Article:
Missouri health care advocates decry Indiana contractor

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An Indiana company hired to determine the eligibility of Missouri Medicaid patients for in-home care has instead "been a complete disaster from the beginning," statewide health care advocates charged on Tuesday.

Indianapolis-based SynCare LLC won a state contract in February to assess whether Missouri's 55,000 Medicaid recipients, many of whom are senior citizens or disabled, qualify for home-based medical services or even help with cooking, cleaning and other daily chores. The contract is worth more than $5 million a year.

Several groups that represent such patients instead want the state to cancel the company's contract, which took effect in mid-May. They say SynCare has been unable to fulfill its responsibilities and is keeping needy patients from receiving vital care with comically inept customer service.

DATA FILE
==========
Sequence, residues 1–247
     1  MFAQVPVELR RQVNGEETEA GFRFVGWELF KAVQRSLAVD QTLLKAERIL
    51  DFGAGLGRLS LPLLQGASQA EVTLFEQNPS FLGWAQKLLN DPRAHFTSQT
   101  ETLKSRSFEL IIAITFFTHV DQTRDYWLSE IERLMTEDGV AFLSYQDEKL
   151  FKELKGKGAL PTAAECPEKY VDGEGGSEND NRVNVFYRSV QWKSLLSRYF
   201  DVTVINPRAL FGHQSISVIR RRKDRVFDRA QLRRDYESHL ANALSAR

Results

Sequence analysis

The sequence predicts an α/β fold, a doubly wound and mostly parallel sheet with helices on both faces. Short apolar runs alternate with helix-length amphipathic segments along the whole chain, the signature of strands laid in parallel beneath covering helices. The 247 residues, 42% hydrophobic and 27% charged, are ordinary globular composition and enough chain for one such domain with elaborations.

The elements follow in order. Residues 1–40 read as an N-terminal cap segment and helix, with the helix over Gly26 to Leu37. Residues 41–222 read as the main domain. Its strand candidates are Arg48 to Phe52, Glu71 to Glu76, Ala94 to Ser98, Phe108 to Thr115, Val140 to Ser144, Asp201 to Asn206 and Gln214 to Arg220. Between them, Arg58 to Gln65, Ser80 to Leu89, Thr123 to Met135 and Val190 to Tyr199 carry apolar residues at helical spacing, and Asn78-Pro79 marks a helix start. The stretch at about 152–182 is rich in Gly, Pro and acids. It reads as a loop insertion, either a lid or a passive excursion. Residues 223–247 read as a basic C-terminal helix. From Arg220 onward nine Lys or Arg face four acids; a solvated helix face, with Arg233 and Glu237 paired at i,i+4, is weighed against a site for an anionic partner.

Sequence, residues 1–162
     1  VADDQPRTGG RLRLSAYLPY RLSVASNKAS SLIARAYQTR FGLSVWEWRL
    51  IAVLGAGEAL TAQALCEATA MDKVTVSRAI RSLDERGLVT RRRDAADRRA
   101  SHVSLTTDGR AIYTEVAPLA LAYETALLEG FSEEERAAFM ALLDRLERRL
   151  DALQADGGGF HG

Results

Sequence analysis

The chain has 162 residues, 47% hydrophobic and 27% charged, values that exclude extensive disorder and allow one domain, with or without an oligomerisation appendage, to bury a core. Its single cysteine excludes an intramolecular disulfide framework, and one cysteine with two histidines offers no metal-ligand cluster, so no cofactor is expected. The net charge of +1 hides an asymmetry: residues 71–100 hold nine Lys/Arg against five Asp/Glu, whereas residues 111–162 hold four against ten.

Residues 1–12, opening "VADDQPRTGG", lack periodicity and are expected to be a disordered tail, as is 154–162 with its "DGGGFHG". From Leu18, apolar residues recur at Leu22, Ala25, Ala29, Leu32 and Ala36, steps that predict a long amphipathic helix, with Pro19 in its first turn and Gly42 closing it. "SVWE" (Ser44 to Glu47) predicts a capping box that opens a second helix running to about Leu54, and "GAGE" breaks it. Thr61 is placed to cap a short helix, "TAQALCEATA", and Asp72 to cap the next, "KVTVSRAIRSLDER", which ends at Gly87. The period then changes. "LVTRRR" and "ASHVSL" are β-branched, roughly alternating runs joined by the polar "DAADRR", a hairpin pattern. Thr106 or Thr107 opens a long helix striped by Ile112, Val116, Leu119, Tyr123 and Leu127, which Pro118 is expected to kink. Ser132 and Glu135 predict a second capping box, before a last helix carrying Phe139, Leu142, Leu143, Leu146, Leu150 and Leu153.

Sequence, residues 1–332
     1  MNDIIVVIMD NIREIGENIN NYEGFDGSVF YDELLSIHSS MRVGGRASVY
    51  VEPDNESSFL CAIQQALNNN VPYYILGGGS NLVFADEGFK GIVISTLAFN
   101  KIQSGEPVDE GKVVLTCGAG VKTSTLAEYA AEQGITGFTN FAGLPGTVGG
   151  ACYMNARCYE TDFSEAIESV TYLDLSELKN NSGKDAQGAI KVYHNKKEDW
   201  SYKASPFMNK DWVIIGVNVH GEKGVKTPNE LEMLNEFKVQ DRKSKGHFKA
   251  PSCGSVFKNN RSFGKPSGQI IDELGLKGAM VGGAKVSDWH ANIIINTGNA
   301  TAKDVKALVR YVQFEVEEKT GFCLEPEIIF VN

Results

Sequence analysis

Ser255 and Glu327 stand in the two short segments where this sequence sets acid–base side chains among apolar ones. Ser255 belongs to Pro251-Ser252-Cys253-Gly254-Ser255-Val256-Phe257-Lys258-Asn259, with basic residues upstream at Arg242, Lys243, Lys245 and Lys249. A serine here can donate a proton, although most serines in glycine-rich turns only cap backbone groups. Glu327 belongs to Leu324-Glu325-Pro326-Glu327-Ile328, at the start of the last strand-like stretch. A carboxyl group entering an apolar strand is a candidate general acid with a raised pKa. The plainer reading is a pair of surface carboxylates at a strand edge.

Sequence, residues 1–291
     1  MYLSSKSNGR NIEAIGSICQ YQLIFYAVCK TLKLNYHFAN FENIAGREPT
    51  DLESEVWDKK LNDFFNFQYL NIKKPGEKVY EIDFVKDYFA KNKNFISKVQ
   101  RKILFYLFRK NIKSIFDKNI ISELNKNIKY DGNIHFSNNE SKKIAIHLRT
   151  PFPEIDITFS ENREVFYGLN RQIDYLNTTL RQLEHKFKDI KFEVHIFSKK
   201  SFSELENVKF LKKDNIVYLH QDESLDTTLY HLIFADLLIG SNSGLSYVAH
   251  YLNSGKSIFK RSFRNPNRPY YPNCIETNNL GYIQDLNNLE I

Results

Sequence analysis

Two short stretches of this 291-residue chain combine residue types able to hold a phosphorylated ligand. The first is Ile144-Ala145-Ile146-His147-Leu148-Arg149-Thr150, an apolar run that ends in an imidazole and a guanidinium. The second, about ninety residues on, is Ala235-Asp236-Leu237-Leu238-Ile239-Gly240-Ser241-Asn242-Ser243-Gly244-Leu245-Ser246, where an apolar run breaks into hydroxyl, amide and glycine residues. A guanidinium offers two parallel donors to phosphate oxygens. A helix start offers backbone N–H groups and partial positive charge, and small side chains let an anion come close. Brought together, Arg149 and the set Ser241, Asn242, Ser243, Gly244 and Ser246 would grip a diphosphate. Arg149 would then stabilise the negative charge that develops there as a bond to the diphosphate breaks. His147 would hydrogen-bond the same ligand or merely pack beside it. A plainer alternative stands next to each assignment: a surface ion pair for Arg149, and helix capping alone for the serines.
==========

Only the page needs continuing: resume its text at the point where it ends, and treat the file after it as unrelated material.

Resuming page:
"These are not isolated incidents," said Imre Komaromi, a legislative advocate with the Independent Living Resource Center in Jefferson City. "It's something that's happening systematically, statewide."

Komaromi spoke Tuesday morning at a Columbia press conference, joined by several patients who shared stories of being made to wait on the phone for hours, seeing drastic reductions in the number of hours of care they receive or simply being ignored entirely. Similar rallies were held in Cape Girardeau, Springfield and St. Louis.

SynCare is a certified minority enterprise that helps evaluate and coach Medicaid patients at high risk for hospitalization—those with multiple chronic diseases or high-risk pregnancies, for example.